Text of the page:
California may build 11.5GW of almost all carbon-free resources to replace its last nuclear plant

Jeff St. John | Canary Media Link to article

Regulators have decided that adding 7.5 GW by 2026 won’t be enough after the Diablo Canyon nuclear plant closes. Can California build so much clean and reliable grid capacity in time?

California regulators have proposed adding 11.5 gigawatts of almost completely carbon-free capacity to its grid in the next five years. This ambitious target will require a massive build-out of batteries to shift solar power to cover the state’s grid peaks as natural-gas plants close and gigawatts of long-duration energy storage and dispatchable zero-carbon resources to make up for the loss of the state’s last nuclear power plant.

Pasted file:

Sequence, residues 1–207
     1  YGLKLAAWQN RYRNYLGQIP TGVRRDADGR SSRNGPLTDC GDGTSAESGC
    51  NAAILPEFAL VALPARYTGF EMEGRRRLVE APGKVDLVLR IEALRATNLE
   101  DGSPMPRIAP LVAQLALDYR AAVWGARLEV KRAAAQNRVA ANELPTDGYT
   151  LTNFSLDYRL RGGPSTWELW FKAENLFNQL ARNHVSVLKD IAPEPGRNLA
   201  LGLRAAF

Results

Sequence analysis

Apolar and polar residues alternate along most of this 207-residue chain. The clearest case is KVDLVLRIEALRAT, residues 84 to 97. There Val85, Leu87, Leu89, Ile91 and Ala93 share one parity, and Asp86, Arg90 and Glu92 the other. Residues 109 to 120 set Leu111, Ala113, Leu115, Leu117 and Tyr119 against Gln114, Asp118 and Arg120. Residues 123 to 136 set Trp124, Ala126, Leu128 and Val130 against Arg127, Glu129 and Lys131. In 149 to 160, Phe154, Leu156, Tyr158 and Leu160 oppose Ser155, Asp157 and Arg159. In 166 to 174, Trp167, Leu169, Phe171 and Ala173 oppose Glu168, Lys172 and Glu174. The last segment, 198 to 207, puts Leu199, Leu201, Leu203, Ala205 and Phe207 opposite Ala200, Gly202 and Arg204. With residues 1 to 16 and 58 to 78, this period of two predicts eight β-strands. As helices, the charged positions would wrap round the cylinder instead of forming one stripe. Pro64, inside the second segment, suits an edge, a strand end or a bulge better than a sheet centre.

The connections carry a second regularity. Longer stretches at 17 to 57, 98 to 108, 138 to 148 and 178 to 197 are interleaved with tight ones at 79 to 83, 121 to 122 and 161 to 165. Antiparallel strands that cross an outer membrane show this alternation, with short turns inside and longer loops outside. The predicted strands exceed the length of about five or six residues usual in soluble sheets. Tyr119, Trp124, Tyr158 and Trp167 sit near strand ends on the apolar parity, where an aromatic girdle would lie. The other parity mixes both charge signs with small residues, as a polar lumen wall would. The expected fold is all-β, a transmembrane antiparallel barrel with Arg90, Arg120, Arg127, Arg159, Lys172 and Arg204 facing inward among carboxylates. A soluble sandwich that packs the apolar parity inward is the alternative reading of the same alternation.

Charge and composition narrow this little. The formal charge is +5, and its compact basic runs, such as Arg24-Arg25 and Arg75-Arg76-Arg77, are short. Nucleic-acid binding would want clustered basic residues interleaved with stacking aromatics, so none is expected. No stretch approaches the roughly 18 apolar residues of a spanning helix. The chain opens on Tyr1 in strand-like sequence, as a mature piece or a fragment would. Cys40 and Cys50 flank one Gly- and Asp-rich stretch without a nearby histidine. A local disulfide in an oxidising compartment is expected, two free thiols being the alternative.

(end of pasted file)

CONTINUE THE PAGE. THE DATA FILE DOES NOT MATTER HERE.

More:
Friday’s proposals from the California Public Utilities Commission mark a dramatic increase from the 7.5 GW of resources by 2026 proposed earlier this year to ensure grid reliability after the closure of the Diablo Canyon nuclear plant.

Clean energy groups say the expanded target will lessen the risk of relying on natural gas to cover the gap that Diablo Canyon will leave in the state’s peak electricity supply, which could increase carbon emissions in a state under mandate to reach 60 percent renewable energy by 2030 and 100 percent carbon-free energy by 2045.

“The commission has finally recognized that we’re behind on adding much-needed renewable capacity and that it needs to be diverse,” said V. John White, executive director of the nonprofit Center for Energy Efficiency and Renewable Technologies, in a Tuesday interview.

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